Listen up, you quagmirers who opposed the Persian Gulf war, and now deride the costly parades in Washington and New York as a macho-militaristic "wargasm"; Pay attention, Democrats who followed Sam Nunn and Disjointed Chiefs of Staff over the cliff to silly-sanctionland, and now fret about political manipulators turning a national victory into a political winner;
And take heed, right-wing global cops of yesteryear, who tried to ignite a prairie fire of isolationism, and now pale at the prospect of flower-festooned American tanks rolling up our avenues and snatching the mantle of superpatriotism;
The message to all: you can relax. The celebration is not over your defeat. The flag-waving and the lumpy throats are not about the glories of militarism or the wisdom of the White House or the satisfactions of intervention.
Even so, you say, these parades are expressions of overweening pride in our ability to pulverize a second-rate power.
Won't all the organized cheering hide our failure to finish off Saddam Hussein or to save the brave Kurds and Shiites who answered our call to oust him?
Not all pride overweens. From the mid-'60s to the mid-'80s, we slogged through the Slough of Self-Doubt. We lost a war to Vietnam and lost a president to Watergate and lost faith in our know-how when the choppers collided at Desert One.
Then the tide turned. The Soviet Union was forced to expose its internal decay. The world was faced with a different, regional threat _ an aggressive dictator reaching for a nuclear equalizer _ and the United States clobbered him.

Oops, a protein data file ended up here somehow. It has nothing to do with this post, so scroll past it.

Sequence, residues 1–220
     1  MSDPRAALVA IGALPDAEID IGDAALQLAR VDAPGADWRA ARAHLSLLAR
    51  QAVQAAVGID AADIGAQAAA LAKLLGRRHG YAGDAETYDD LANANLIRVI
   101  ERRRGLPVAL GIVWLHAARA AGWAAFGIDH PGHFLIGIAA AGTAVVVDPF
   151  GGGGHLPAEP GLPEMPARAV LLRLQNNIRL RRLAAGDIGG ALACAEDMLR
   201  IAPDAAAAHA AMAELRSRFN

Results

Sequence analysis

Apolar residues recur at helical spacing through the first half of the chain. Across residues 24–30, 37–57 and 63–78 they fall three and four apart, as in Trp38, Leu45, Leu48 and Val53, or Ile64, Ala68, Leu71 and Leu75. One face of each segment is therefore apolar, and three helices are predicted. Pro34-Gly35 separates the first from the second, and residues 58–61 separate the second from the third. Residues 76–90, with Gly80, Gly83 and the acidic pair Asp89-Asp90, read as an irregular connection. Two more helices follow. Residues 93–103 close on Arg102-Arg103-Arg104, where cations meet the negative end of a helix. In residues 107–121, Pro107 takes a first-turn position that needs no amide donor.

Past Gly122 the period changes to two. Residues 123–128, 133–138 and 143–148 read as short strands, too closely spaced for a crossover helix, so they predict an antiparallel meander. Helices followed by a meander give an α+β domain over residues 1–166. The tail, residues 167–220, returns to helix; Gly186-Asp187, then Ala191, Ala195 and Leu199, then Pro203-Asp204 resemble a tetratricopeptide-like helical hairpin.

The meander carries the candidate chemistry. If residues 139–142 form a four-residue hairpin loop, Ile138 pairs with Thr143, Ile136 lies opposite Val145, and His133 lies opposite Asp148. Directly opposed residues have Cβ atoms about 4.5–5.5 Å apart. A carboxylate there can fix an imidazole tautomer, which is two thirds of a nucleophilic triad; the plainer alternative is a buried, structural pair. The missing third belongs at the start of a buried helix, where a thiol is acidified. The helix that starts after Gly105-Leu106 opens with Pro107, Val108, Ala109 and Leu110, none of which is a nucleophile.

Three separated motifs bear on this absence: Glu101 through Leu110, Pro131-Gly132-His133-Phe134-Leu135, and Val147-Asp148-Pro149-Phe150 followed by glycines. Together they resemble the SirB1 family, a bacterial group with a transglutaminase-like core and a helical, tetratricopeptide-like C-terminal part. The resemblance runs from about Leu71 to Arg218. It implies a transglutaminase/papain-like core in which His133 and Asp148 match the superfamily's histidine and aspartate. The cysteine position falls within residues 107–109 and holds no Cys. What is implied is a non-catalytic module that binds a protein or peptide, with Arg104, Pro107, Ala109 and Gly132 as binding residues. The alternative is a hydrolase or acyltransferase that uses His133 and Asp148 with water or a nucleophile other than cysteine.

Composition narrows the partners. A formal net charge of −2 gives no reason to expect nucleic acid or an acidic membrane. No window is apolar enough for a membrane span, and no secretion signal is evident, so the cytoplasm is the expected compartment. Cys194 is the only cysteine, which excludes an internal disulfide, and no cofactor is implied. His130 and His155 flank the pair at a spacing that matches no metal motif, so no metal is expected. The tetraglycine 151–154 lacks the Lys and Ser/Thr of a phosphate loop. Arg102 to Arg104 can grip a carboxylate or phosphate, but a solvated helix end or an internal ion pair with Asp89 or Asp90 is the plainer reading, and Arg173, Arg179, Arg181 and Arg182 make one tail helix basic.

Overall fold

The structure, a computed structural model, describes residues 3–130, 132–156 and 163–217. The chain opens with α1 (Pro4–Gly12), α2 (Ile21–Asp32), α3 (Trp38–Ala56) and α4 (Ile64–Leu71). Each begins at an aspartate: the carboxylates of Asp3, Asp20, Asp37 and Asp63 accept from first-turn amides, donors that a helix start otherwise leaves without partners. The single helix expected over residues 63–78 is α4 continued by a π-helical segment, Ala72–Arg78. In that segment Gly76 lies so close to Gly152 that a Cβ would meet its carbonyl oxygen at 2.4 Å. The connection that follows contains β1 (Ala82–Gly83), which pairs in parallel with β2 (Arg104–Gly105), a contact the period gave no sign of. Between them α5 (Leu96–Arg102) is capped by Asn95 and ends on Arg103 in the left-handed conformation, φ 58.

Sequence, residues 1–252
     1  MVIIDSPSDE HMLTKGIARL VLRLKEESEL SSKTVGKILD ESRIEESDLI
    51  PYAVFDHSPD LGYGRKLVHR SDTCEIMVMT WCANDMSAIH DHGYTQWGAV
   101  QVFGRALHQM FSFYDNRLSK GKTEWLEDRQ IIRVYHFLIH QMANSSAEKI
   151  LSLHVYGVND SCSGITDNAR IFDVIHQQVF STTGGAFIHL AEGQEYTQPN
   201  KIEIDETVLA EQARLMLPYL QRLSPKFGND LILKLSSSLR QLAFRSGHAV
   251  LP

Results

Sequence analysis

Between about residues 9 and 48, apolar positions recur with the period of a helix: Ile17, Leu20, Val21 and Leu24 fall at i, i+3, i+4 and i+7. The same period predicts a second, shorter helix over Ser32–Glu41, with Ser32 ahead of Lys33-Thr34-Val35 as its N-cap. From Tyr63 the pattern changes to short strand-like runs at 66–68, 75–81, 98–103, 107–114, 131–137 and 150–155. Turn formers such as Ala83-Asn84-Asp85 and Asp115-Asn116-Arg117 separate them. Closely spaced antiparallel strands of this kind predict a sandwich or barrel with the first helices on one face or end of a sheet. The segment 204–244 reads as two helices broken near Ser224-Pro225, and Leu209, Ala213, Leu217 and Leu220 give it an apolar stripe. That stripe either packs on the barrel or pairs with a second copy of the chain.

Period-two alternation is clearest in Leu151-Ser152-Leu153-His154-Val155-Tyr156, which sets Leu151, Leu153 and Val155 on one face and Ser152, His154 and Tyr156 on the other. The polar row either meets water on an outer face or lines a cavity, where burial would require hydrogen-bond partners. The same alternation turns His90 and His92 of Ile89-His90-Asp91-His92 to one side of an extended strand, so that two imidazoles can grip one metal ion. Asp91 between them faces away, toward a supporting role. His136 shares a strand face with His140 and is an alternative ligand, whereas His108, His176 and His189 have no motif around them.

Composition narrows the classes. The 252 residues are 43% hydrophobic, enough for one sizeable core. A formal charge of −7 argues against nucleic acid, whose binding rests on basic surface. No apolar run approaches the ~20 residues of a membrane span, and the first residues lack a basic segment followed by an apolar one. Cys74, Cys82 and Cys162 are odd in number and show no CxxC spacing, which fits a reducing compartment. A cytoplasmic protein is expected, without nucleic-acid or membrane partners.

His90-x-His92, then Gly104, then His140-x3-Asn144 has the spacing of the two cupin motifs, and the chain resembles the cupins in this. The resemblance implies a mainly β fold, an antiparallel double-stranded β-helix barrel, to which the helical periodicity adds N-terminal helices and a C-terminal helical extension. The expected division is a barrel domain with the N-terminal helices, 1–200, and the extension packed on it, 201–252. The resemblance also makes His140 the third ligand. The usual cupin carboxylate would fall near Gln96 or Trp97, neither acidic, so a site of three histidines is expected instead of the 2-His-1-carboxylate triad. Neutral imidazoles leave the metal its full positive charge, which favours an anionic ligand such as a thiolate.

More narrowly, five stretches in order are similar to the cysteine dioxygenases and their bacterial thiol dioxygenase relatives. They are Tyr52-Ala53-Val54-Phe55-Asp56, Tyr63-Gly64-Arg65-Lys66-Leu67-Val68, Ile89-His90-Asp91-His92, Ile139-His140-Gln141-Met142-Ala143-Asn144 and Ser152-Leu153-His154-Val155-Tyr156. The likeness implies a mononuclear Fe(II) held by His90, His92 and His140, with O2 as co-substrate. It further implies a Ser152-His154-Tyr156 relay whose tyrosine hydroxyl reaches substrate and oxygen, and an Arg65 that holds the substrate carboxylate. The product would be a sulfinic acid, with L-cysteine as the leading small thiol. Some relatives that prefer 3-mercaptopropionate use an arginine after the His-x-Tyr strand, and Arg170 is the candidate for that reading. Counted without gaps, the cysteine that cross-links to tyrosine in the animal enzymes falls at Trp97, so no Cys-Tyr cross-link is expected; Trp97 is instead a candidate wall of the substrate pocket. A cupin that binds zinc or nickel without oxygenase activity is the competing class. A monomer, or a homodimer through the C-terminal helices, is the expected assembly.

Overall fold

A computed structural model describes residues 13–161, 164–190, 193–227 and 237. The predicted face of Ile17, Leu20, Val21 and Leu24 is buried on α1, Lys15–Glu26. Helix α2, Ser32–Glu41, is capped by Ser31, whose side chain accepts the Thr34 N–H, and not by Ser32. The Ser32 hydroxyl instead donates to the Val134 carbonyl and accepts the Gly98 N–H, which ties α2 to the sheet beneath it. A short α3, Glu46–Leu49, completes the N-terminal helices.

Now we feel better about ourselves and our system. Is this unnatural? No. Is it dangerous? Only if we allow it to make us arrogant, or our leaders afflicted with hubris.
That is not happening. President Bush erred tragically at the verge of victory. He knows it; he was rightly and roundly criticized for putting cockamamie geopolitical calculation about Iraqi sovereignty ahead of his moral responsibility; he has been trying to patch it over by offering protection to refugees.
These are not the actions of a Caesar; on the contrary, they are the acts of a leader of a nation that will not stand for dishonor.
What, then, is the strange fervor coursing through our veins as we watch the bands go by and we wave at the troops on the tanks?
If pride is too troublesome a word, let us turn to a compound much more in vogue: self-esteem. The response to the parades is legitimate national self-esteem.
Consider what we have done that justifies that esteem. We recognized a threat before it was at our own throats; we debated what action to take and brought it to a vote in the Senate; and we entrusted the destruction of threat to our armed forces.
Had doves not demonstrated; had the loyal opposition, which preferred lesser sanctions, not opposed; had the media not provided prognostications that made us fearful of great costs; had the president not felt it necessary to give our national interest in self-protection the gloss of collective defense _ then the self-esteem that we feel today would not have been earned.
It ain't just what we did, it's the way that we did it. Arguing and wondering among ourselves, leading the single-superpowered world, surprised at our success and eager to recoup our failure _ that's the American character at its best.
And that is why pacifist, partisan or isolationist resentment at the celebration is misplaced.
Sure, some technojerks are falling in love with the latest implements of war, and some Republicans are trying to milk the good feeling.
Brush all that aside. Each of us has a piece of this welcome-home to constructive confidence.
Honor the heroes, respect the dissenters, experience the kinship, criticize some part of the policy, salute the flag. Anyone who has taken part in the action and the passion has a place in this parade.
New York Times News Service